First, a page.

so my current project has a number of small details that call for
ebonizing. the furniture is walnut. millwork to date has produced
various scrap already dimensioned to some of the parameters of the
details, so I figured I'd try ebonizing that.
I made a batch of vinegar-and-steel wool. I left the steel wool in the
vinegar until it completely dissolved, then ran it through a coffee
filter. tested a sample of walnut in it. it came out nice and black. a
through cut reveals that the color doesn't penetrate far though. as an
experiment I tried treating the wood with strong black tea first, then
the vinegar/steel wool solution. it produced a slightly, but
noticeably, darker color than the vinegar/ steel wool solution alone,
so that was the process I chose. if I try ebonizing a light wood like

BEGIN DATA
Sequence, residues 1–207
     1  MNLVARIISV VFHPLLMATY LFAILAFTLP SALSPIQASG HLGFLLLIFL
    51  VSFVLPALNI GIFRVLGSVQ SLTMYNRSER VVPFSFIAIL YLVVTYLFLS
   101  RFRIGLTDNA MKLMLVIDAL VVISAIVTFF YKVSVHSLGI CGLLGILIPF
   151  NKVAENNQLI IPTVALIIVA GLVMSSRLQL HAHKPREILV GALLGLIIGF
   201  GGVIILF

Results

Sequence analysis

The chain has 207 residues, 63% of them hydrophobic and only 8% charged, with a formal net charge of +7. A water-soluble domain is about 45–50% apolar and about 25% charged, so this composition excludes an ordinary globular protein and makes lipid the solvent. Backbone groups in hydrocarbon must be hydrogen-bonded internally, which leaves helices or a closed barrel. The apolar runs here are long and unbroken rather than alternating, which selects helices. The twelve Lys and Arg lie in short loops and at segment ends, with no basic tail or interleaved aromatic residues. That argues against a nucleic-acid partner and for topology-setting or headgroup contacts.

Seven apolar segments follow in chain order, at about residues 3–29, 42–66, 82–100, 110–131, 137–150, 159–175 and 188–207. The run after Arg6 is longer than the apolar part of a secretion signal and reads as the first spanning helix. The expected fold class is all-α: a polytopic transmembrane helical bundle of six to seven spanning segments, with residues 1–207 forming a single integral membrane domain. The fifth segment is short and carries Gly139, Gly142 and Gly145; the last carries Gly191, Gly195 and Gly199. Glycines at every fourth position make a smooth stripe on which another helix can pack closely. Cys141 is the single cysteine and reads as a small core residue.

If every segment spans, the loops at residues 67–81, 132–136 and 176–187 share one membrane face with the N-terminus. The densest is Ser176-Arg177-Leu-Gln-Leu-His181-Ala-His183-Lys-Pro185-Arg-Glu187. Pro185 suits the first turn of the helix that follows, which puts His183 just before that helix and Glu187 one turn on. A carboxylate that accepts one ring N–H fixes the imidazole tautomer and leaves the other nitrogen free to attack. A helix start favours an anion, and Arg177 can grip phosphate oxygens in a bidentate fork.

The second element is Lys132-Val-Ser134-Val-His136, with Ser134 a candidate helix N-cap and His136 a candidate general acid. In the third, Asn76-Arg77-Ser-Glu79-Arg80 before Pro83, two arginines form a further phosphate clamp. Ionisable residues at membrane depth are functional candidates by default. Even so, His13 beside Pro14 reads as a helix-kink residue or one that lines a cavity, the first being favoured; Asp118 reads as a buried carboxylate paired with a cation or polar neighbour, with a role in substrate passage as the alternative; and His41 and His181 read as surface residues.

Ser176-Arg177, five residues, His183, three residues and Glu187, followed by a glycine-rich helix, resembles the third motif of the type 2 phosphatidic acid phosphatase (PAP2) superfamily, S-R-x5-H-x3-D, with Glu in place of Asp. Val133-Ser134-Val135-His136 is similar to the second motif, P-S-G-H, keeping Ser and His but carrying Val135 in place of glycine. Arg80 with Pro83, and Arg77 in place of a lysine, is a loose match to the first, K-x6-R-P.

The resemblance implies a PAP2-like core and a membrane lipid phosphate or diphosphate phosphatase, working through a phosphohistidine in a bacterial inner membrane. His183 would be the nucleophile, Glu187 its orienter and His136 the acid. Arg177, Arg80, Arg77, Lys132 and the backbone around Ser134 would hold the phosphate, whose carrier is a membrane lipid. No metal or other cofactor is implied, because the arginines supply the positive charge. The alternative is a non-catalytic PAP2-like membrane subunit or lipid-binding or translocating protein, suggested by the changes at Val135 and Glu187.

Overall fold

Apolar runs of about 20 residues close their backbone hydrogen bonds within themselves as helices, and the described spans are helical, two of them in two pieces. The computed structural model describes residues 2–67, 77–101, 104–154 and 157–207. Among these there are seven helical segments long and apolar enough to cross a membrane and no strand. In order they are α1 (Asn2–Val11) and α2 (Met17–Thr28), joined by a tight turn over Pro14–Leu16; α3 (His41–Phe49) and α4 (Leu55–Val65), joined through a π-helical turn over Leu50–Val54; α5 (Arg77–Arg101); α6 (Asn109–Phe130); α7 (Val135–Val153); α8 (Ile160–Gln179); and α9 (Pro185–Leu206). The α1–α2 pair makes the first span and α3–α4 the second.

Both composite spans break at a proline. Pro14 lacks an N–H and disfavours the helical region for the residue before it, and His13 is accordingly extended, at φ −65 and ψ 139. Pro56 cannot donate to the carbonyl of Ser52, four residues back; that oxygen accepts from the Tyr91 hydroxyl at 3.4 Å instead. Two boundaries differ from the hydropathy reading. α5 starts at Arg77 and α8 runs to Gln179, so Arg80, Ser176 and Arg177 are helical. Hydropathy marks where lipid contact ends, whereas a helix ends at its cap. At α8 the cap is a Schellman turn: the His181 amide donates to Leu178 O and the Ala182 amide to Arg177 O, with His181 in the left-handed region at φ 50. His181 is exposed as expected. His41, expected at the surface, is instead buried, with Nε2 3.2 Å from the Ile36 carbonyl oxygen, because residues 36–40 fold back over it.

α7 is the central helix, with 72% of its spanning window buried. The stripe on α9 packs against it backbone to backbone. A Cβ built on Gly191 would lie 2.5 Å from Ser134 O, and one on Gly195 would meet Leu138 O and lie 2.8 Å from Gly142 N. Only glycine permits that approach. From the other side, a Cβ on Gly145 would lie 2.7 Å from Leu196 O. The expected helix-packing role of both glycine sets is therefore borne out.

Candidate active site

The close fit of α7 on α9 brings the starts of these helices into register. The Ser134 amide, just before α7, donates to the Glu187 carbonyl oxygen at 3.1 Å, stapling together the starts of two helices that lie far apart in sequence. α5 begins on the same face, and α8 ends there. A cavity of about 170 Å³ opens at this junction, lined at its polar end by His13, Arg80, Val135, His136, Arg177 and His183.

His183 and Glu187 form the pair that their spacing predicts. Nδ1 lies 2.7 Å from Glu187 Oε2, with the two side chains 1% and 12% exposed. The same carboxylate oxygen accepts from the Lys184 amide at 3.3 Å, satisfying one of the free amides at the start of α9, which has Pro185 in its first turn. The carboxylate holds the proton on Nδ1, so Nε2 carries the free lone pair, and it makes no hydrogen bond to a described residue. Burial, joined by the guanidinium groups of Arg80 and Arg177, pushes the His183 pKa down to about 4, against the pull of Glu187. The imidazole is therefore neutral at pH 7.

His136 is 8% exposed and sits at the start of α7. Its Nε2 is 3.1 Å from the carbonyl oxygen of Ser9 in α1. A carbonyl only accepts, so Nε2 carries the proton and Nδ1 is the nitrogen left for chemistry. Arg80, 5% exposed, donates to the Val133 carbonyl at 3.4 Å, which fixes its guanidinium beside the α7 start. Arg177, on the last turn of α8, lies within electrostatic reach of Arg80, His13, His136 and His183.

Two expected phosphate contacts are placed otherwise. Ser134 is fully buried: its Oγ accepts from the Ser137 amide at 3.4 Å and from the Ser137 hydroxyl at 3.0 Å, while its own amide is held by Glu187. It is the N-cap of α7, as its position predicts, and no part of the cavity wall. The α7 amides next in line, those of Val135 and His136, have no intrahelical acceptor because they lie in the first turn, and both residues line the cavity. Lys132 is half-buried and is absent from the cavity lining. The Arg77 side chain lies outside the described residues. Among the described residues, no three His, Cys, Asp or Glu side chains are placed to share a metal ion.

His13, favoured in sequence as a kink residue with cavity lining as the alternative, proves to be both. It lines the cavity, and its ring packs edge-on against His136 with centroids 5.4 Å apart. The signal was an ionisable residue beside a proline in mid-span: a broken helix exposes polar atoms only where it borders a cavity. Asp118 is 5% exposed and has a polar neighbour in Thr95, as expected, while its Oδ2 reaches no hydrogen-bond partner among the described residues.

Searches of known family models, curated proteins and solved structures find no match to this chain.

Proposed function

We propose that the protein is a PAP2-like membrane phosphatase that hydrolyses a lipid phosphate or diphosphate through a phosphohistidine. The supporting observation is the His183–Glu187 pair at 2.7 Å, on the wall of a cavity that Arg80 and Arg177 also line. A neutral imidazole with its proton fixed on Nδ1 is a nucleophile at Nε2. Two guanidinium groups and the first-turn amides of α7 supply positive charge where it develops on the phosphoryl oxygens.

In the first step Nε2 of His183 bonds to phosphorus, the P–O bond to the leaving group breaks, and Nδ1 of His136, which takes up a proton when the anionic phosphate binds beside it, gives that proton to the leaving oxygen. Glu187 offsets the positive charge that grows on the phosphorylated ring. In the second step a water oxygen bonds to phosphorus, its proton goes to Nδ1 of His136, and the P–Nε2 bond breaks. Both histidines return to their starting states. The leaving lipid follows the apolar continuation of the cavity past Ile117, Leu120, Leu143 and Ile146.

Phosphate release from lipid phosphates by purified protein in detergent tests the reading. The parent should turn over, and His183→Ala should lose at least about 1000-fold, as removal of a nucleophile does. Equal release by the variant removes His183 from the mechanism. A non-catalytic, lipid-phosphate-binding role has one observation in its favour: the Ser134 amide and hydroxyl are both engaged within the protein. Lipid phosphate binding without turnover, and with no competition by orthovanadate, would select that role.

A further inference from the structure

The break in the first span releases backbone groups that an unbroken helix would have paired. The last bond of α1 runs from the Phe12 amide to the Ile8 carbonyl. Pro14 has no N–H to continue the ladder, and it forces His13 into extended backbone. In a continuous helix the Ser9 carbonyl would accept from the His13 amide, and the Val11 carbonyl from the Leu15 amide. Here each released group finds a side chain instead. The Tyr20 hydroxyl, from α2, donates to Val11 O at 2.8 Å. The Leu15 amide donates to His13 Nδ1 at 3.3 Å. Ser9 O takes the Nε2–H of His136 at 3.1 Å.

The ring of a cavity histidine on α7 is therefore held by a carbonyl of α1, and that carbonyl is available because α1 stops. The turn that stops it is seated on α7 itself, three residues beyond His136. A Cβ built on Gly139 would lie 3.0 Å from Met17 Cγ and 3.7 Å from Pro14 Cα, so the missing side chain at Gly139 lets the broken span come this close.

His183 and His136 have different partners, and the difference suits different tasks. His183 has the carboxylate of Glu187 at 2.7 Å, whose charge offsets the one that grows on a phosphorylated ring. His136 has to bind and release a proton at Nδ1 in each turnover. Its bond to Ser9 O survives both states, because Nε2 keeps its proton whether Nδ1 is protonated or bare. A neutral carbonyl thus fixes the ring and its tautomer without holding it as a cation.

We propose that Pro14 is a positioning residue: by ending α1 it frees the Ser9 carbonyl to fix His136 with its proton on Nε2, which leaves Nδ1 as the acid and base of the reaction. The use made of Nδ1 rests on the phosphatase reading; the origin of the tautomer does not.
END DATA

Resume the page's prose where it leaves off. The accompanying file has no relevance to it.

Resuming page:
maple or birch I'll play with even stronger tea solutions.
this project has ebonized details inlaid in a field of lightly tinted
but otherwise unstained wood. I don't want to apply the tinted finish
to the ebonized parts, so I'll be doing the inlay work between coats
of finish. that is: spray sanding sealer > sand > spray tinted glaze
coat till color is right > rout out space for and apply inlay > spray
clear top coats till done.
I'm a bit nervous about tooling into the color coat- dings and
scratches at this point will be painfully obvious and essentially
nonrepairable, so I may get a clear coat down first.
the detail parts have swelled up with the moisture from the tea and
vinegar/ steel wool solutions. if they don't return to size on their
own I'll try a bit of heat to shrink them down.